A corollary to information is opportunity. With the amount of information available via the Internet and the growth in the number of social sites, it is clear that there is an opportunity to read, listen, watch and share ideas and information. Many of you might recall that connectivity to the Internet in 2000 was basically by DIAL ACCESS (very slow) using something called a PCMCIA card. Today anyone can be connected at high speed through the cellular network or through nearly 5 million public hotspots. Opportunity is therefore a function of the number of social sites, access via devices (mobile, smartphones, laptops) and speed of communication.
When news breaks you are there and in fact many people have become journalists of sorts. This leads to the next tipping point driver, publication.
Publication is closely tied to opportunity, as it seems like everyone has a camera in their hand and everyone is a photojournalist. Think about your daily activities and how many pictures you take and send to friends or share on your social site. Think of the number of people that take pictures of events and publish them via YouTube or Instagram. YouTube, the granddaddy of video sharing, did not come into being until February of 2005. Today there are more than 1 billion unique users and more than 100 hours of vide are uploaded every minute. And who doesn’t use Instagram. Started less than 4 years ago, Instagram has more than 200 million active users.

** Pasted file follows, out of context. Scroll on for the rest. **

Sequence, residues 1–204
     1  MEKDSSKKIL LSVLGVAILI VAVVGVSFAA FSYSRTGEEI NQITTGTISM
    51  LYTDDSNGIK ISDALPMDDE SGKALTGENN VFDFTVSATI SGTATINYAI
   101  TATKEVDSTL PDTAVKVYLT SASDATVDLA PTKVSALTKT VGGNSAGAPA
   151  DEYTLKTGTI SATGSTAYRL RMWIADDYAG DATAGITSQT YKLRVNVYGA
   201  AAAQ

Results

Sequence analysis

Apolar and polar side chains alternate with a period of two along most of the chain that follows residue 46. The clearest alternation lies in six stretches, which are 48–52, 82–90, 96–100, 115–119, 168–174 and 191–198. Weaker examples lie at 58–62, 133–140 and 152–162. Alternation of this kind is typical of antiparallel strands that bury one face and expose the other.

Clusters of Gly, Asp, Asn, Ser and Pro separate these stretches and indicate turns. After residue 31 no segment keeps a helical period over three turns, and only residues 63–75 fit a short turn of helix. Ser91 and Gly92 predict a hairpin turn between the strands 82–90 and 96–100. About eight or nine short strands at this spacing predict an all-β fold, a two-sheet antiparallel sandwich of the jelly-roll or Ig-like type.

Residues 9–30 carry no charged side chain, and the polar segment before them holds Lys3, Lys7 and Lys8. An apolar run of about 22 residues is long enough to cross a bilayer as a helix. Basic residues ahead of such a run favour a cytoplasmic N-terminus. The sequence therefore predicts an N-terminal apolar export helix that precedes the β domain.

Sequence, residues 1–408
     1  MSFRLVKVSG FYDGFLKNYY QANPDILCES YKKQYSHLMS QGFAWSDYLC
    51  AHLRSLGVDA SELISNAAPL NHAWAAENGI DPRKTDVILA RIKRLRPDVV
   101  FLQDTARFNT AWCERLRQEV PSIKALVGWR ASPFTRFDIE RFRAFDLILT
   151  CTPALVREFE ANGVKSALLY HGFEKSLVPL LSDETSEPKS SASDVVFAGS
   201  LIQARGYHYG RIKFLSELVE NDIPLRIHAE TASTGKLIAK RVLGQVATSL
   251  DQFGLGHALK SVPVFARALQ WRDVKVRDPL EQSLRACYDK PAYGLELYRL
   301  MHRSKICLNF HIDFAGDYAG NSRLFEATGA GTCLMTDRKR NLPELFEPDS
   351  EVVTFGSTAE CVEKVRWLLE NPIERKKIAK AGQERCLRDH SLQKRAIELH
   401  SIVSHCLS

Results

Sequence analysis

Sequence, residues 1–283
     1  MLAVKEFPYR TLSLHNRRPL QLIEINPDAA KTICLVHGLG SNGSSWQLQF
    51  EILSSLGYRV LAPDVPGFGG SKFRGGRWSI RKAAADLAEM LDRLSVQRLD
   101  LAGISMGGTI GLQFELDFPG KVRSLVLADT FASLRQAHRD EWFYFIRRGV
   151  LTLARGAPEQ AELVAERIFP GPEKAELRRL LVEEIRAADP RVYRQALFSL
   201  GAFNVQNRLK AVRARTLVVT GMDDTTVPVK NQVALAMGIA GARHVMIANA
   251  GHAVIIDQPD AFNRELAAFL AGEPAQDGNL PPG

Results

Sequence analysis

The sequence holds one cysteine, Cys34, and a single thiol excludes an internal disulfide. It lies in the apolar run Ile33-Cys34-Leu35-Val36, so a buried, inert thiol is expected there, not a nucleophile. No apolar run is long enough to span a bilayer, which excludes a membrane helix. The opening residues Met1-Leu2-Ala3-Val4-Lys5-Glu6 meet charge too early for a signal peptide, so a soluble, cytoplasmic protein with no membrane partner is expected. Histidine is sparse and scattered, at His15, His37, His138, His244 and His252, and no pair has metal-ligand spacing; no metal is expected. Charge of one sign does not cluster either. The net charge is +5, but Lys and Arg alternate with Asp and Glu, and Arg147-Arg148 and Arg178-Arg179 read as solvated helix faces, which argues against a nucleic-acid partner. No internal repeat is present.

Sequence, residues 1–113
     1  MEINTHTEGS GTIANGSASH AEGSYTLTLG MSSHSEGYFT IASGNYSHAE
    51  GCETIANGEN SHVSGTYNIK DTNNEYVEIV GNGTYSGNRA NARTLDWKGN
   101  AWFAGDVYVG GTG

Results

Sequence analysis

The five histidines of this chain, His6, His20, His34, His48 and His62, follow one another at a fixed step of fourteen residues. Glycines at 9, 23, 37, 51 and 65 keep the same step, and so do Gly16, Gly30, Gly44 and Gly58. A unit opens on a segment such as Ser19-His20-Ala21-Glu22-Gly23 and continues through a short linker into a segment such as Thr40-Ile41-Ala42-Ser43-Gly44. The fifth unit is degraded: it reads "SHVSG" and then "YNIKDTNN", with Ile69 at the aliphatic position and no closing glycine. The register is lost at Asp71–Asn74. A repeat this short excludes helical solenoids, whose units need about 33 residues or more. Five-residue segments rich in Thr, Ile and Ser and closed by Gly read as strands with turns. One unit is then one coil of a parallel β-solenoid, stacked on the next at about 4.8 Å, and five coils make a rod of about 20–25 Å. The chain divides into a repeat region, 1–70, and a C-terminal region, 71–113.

How many of you have ever re-tweeted a post? How many of you follow an author and have the ability to engage with that person. Even sports teams have gotten into the act in a big way, using Facebook tools or social software. For example, I am an avid football (American) fan and follow the NY Giants and am a regular contributor on their message boards as well as on the ESPN sites. I also follow CNN and am prone to tweet and comment on stories that I either like or don’t like. More important, how many of you have the opportunity to create information at the instant it occurs and share it via your smartphone or tablet? And now the GoPro craze can store up to 8 hours of HD video for your private or public use.
The latest cause to catch hold is the ICE Bucket Challenge, a noble cause to raise funds for ALS research. The challenge first received increased media attention in the United States on June 30, 2014. A group of personalities from the program Morning Drive, which airs weekdays on Golf Channel, televised the social-media phenomenon and performed a live, on-air Ice Bucket Challenge..Soon after the challenge was brought to mainstream audiences when television anchor Matt Lauer did the Ice Bucket Challenge on July 15, 2014 on NBC’s The Today Show. So far, only two months after the Ice Bucket Challenge went viral, more than $100 million has been raised for ALS research. Countless articles and video have been posted on social sites, uploaded to YouTube or shared via Instagram – all on mobile devices.
Opportunity and publication work together as a tipping point catalyst, providing people the chance and medium to share information that has the potential to go viral.
Check back for David’s next post as he explores engagement as the key catalyst in a tipping point.